Much of health care supply chain is now working to connect with clinicians to reduce of unnecessary variations and waste to achieve CQO and the Triple Aim. When working to build a relationship with clinicians, your success factor will improve when you come to the conversation with an understanding of their personalities and needs. Below are six areas to consider before you engage them.
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Clinical integration starts with physician champions. Supply chain executives can’t be experts in all areas, and successful clinical discussions tend to occur when physician leaders are the ones initiating those meetings with their physician peers. The physician leader should be able to challenge their colleagues to answer the question, “how does this really benefit the patient?” and “does it benefit beyond just improving a process? In addition, as part of the contract negotiations team, a physician can push back on the supplier to ask clinical questions about the product or device.
2019 AHRMM CQO Report: The Power of Clinical Integration Overview: The CQO Task Force identified six health care organizations with case studies demonstrating the evolution of CQO and the expanding role of supply chain in meeting the needs of the ever-changing health care environment. These stories are contained within this report.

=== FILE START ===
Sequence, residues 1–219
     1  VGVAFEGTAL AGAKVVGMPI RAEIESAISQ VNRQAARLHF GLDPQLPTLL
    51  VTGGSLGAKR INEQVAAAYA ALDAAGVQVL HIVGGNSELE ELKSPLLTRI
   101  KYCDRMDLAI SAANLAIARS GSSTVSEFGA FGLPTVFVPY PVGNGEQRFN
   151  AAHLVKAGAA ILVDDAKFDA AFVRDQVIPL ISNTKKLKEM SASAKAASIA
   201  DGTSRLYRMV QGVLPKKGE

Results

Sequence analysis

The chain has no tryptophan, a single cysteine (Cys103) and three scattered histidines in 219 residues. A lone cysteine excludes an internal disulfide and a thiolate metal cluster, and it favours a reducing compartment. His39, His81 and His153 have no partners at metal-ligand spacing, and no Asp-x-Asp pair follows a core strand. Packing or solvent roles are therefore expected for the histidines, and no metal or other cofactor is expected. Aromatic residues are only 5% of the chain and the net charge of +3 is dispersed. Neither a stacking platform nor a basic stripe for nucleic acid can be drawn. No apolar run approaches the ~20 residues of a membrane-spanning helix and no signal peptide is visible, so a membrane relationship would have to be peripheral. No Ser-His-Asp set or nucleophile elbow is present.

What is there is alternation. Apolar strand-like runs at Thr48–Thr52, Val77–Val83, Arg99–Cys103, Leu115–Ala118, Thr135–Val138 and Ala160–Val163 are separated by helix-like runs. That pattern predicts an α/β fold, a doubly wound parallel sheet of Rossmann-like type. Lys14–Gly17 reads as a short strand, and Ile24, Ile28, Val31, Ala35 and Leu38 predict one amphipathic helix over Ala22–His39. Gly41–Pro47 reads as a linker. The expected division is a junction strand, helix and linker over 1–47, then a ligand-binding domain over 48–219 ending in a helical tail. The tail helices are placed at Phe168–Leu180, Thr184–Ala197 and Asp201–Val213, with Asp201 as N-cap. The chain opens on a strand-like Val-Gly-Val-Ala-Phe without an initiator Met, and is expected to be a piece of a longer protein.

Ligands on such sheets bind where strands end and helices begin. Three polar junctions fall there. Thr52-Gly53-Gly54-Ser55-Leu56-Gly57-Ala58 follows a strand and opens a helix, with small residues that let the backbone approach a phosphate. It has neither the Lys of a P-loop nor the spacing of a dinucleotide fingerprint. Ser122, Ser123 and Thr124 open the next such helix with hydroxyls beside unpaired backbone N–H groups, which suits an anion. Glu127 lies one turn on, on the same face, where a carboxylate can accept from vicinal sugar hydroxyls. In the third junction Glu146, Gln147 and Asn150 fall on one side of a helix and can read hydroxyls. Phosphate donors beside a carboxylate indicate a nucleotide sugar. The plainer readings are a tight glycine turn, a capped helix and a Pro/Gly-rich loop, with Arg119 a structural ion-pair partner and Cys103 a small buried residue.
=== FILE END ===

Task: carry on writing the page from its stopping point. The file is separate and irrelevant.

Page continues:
In today’s value based health care market, reimbursement is tied to patient outcomes. But the duty of improving patient outcomes does not solely reside with the clinical teams. Supply Chain has an important role to play in driving outcomes while being mindful of cost. Robin Czajka, vice president of cost management at Premier, describes 3 ways that your organization can take today to begin aligning your supply chain and clinical teams to drive toward improved patient outcomes.
Roy Henry, strategic analyst from University of Miami, explores how clinical integration can evolve your supply chain while discussing the value of clinical integration and how it can be measured.
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